minstrel: Instrument Differences

Greg Lindahl lindahl at pbm.com
Wed Nov 15 13:26:48 PST 2000

> Yet I also have seen people in the SCA get bored and walk away from songs
> like "Twa Corbies" and "Agincourt Carole," yet sit entranced by such
> perennial favorites as "Bored on the List-field" and "Beer, Cold Beer."

Twa Corbies is 18th century. Three Ravens, which is the ancestor of
Twa Corbies' words, is in Ravenscroft's 1609 book. I think that
particular song makes good background music, but it's not necessarily
a great song for a bardic circle.

> Yes, there is, and will always be, an audience for strictly period music
> with strictly period instrumentation, but I guess I wonder how large the
> gap is between "popular" and "period" music.

What about the audience for popular period music? It exists. I think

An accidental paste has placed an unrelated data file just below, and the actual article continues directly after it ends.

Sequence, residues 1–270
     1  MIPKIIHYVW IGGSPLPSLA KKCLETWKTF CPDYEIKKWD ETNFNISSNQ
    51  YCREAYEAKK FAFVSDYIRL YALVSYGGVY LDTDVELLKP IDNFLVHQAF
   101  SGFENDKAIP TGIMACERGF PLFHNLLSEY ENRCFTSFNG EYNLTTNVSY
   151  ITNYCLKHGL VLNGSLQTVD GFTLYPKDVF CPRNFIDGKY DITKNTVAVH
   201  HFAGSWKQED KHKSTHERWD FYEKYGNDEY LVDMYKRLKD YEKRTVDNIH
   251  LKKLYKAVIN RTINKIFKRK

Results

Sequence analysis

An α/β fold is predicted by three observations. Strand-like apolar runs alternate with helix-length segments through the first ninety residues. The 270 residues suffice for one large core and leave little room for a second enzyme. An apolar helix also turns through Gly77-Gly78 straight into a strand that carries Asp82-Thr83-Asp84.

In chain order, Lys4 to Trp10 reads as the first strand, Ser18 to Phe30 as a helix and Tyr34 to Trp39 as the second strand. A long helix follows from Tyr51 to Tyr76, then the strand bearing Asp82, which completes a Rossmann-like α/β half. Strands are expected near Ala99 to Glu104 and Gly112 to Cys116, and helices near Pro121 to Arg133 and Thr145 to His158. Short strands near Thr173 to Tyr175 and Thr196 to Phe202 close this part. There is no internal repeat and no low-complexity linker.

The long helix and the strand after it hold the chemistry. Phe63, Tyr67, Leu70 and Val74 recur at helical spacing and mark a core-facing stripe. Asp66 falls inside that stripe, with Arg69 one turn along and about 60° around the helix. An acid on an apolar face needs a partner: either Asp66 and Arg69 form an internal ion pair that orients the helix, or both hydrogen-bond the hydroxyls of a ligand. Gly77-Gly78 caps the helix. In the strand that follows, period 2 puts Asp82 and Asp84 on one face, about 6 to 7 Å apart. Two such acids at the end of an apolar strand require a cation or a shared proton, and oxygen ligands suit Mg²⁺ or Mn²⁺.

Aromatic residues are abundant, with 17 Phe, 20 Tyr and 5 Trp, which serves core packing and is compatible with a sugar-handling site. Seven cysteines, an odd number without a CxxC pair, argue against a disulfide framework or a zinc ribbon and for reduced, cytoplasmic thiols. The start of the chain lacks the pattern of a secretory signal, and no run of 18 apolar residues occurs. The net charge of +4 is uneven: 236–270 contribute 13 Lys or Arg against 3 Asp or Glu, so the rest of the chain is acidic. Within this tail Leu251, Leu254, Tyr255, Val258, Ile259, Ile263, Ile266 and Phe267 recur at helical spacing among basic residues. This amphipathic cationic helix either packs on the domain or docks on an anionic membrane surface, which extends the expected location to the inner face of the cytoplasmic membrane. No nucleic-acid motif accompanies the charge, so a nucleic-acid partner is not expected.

the major problem is that people see "period" vs "modern" as the only
factor that determines popularity, when it's also the skill of the
performer and the venue and the accessibility of the music that also
enters in.

If you want to appeal to Joe Average SCAdian with period music, use
the popular Elizabethan stuff, because it's similar to what they're
used to hearing. And you better play it with a lot of style and
enthusiasm, not necessarily a lot of polish. Trot out the fancy music
in court, feasts (as background music), or concerts.

Cooks have the same issue. I see a lot of people complaining about bad
feasts because they were cooked poorly or had too large of a fraction
of dishes with spices unusual to the modern palette. That doesn't mean
all period feasts are bad, or that cooks should always serve pizza.

-- Gregory Blount

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